Seaborn Confusion Matrix Plot

This tutorial will discuss plotting the confusion matrix using Seaborn’s heatmap() function in Python.

Plotting Confusion Matrix Using Seaborn

In a classification problem, the summary of the prediction results is stored inside a confusion matrix. We have to plot the confusion matrix to look at the count of correct and incorrect predictions.

To plot a confusion matrix, we have to create a data frame of the confusion matrix, and then we can use the heatmap() function of Seaborn to plot the confusion matrix in Python. For example, let’s create a random confusion matrix and plot it using the heatmap() function. See the code below.

import seaborn as snNew
import pandas as pdNew
import matplotlib.pyplot as pltNew

array = [[11,1,0,2,0],
         [3,8,0,1,0],
         [0,16,3,0,0],
         [0,0,12,0,0],
         [0,0,0,13,0],
         [0,1,0,0,16]]

DetaFrame_cm = pdNew.DataFrame(array, range(6), range(5))
snNew.heatmap(DetaFrame_cm, annot=True)
pltNew.show()

Output:

confusion matrix plot

To create the data frame of the confusion matrix, we used the DataFrame() function of the pandas library. To create the data frame, we have to pass the array, number of rows, and number of columns.

The second argument inside the heatmap() function is used to show the confusion matrix values on the plot. If we don’t use the second argument, annot, the matrix values won’t be visible, and we will only see the colors.

We can change the color map of the plot to any color map supported by functions like winter, summer, cool, copper, and hot. We can also turn off the color bar shown at the right side of the plot using the cbar argument and setting it to false.

We can also specify the width and color of the line around each cell using the linewidths and linecolor parameter. We can use any floating-point value to set the value of line width. We can use the color name or the first letter of the color to set the value of the line color.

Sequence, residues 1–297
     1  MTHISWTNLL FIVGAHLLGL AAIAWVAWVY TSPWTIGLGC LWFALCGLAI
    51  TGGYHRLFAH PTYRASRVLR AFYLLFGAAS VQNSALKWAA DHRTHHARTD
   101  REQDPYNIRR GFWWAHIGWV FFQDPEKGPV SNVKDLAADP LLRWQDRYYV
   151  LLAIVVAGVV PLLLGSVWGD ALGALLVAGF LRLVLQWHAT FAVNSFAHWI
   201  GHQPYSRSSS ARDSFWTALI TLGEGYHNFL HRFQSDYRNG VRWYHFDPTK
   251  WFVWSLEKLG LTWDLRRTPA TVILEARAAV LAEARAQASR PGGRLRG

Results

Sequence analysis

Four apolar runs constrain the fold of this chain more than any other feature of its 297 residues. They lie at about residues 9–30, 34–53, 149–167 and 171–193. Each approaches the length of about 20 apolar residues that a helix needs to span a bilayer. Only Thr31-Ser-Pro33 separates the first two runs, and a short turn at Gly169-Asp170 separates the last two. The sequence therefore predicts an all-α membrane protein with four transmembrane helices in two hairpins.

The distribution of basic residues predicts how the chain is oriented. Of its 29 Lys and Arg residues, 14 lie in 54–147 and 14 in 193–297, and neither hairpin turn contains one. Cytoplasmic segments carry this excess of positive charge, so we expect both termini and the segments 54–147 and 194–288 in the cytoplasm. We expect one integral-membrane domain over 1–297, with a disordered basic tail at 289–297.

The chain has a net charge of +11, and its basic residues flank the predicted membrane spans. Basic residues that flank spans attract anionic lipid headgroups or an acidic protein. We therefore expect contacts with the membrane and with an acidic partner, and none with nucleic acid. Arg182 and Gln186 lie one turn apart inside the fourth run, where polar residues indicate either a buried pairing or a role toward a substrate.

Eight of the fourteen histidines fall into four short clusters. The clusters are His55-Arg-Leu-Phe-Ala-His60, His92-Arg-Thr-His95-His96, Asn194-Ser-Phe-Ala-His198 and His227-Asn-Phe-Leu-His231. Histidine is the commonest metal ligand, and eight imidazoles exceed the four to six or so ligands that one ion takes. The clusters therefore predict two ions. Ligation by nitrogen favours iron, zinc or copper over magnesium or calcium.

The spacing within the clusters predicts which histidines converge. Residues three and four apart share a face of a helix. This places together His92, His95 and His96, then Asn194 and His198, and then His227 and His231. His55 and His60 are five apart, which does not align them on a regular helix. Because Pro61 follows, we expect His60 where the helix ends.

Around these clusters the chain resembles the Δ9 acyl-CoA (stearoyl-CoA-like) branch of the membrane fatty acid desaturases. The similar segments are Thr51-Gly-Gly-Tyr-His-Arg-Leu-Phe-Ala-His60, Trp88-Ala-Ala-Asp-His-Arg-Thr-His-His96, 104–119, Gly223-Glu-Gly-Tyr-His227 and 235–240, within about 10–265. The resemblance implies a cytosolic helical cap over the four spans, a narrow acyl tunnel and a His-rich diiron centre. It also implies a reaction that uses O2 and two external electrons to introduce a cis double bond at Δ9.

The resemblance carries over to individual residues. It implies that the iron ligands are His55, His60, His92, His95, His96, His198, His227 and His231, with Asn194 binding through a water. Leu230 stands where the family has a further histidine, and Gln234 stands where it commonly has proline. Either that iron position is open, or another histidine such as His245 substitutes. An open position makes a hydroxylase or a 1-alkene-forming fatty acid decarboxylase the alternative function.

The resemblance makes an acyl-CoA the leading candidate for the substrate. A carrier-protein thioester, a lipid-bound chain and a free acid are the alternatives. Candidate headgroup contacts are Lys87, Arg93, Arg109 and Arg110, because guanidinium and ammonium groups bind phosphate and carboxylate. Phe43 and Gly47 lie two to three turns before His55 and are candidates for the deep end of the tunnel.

We can set each cell shape to square using the square argument and setting it to true. We can also set the tick labels of each axis using the xticklabels for x-axis tick labels and yticklabels for y-axis tick labels.

We can set the tick label argument to a list of the same size as the x-axis cells. For example, let’s change the arguments mentioned above. See the code below.

import seaborn as snNew
import pandas as pdNew
import matplotlib.pyplot as pltNew

array = [[11,1,0,2,0],
         [3,8,0,1,0],
         [0,16,3,0,0],
         [0,0,12,0,0],
         [0,0,0,13,0],
         [0,1,0,0,16]]

DetaFrame_cm = pdNew.DataFrame(array, range(6), range(5))
snNew.heatmap(DetaFrame_cm, annot=True, cmap='summer', cbar=False, linewidths=3, linecolor='r', square=True, xticklabels=['a','b','c','d','e'])
pltNew.show()

Output:

changing parameter of confusion matrix plot

We can also set the font size of the tick labels of both axes using the set() function of Seaborn. We can set the font value to any floating-point number using the font_scale parameter inside the set() function. For example, to set the font size of the above plot, we can use the code below.

snNew.set(font_scale = 1.9)

If we want to decrease the font size, we have to use a value of less than one.

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